AI May Be Enforcing Racism, Rather than Fighting Against It
In America, the struggle for black citizens to be treated fairly by law enforcement officers continues to be a widespread issue. Racial discrimination has existed since the founding of America, when black slaves were counted as 3/5ths of a person. Fast forward 200 years, and the racial divide continues, even at a digital level.
Seeflection.com has reported many times about the racial bias that has been built into many of the algorithms that drive our AI world. Now MIT’s technologyreview.com has dug deep into research and exposed even more problems. Writer Will Douglas Heaven suggests we could just ditch many of these technologies altogether. In particular, Heaven cited predictive police algorithms.
Heaven introduces Yeshimabeit Milner in 200, who followed events and the aftermath. A principal of a school in Miami with a majority Haitian and African-American population had put one of his students in a chokehold. The next day several dozen kids staged a peaceful demonstration. That night, Miami’s NBC 6 News at Six kicked off with a segment called “Chaos on Campus.” (As seen on YouTube.) “Tensions run high at Edison Senior High after a fight for rights ends in a battle with the law,” the broadcast said. Cut to blurry phone footage of screaming teenagers: “The chaos you see is an all-out brawl inside the school’s cafeteria.”
Students told reporters that police hit them with batons, threw them on the floor, and pushed them up against walls. The police claimed they were the ones getting attacked—“with water bottles, soda pops, milk, and so on”—and called for emergency backup. Around 25 students were arrested, and many were charged with multiple crimes, including resisting arrest with violence. Milner remembers watching on TV and seeing kids she’d gone to elementary school with being taken into custody. “It was so crazy,” she says.
She is now the director of Data for Black Lives, a grassroots digital rights organization she cofounded in 2017. What she learned as a teenager pushed her into a life of fighting back against bias in the criminal justice system and dismantling what she calls the school-to-prison pipeline.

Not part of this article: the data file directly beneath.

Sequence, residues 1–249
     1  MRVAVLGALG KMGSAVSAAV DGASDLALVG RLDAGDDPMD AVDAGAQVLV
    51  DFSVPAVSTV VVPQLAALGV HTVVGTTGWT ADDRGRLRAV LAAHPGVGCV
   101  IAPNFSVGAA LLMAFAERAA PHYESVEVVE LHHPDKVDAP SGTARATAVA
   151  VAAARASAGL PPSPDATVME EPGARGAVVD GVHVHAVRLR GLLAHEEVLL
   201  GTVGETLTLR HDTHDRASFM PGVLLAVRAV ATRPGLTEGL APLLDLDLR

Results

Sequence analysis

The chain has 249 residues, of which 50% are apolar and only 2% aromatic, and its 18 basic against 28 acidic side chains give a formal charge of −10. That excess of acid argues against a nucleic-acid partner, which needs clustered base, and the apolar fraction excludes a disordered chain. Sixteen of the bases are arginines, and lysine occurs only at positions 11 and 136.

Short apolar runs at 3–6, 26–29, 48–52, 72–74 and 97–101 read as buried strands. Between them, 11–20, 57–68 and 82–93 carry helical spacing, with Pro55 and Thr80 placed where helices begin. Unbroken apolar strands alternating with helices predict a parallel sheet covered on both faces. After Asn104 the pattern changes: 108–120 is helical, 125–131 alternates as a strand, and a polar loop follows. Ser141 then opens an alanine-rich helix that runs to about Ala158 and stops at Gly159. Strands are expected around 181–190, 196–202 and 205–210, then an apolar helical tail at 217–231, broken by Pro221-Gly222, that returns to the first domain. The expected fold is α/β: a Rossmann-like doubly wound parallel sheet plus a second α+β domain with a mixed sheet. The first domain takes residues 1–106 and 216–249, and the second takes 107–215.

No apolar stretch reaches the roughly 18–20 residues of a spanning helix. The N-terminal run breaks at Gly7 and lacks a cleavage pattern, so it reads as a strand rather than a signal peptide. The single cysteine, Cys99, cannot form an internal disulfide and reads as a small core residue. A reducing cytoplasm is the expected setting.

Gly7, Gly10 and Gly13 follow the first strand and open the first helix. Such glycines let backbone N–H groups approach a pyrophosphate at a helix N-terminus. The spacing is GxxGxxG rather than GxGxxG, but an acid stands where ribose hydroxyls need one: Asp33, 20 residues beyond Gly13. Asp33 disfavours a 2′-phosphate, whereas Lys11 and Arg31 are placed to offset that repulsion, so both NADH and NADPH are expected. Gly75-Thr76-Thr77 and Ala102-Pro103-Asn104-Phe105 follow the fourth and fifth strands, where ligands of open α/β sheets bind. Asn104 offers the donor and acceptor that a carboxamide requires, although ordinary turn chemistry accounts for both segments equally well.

“There’s a long history of data being weaponized against Black communities,” she says.
Predictive policing tools are either location-based algorithms or people based. The location-oriented algorithms draw on links between places, events, and historical crime rates to predict where and when crimes are more likely to happen. They identify hot spots for police to patrol. One of the most common, called PredPol, which is used by dozens of cities in the U.S., breaks locations up into 500-by-500 foot blocks and updates its predictions throughout the day—a kind of crime weather forecast.
Other tools draw on data about people, such as their age, gender, marital status, history of substance abuse and criminal record. They are used by police to intervene before a crime takes place, or by courts to determine during pretrial hearings or sentencing whether someone who has been arrested is likely to re-offend. For example, a tool called COMPAS, used in many jurisdictions to help make decisions about pretrial release and sentencing, issues a statistical score between 1 and 10 to quantify how likely a person is to be rearrested if released.
Risk assessments have been part of the criminal justice system for decades. But police departments and courts have made more use of automated tools in the last few years, for two main reasons. First, budget cuts have led to an efficiency drive. “People are calling to defund the police, but they’ve already been defunded,” says Milner.
“Cities have been going broke for years, and they’ve been replacing cops with algorithms.” Exact figures are hard to come by, but predictive tools are thought to be used by police forces or courts in most U.S. states.”
Another problem with the algorithms is that many were trained on white populations outside the U.S., partly because criminal records are hard to get hold of across different U.S. jurisdictions. Static 99, a tool designed to predict recidivism among sex offenders, was trained in Canada, where only around 3% of the population is Black compared with 12% in the U.S. Several other tools used in the U.S. were developed in Europe, where 2% of the population is Black. Because of the differences in socioeconomic conditions between countries and populations, the tools are likely to be less accurate in places where they were not trained. Moreover, some pretrial algorithms trained many years ago still use predictors that are out of date. For example, some still predict that a defendant who doesn’t have a landline phone is less likely to show up in court.
Heaven’s story, well worth reading, highlights the widespread failures of these technologies.
read more at technologyreview.com
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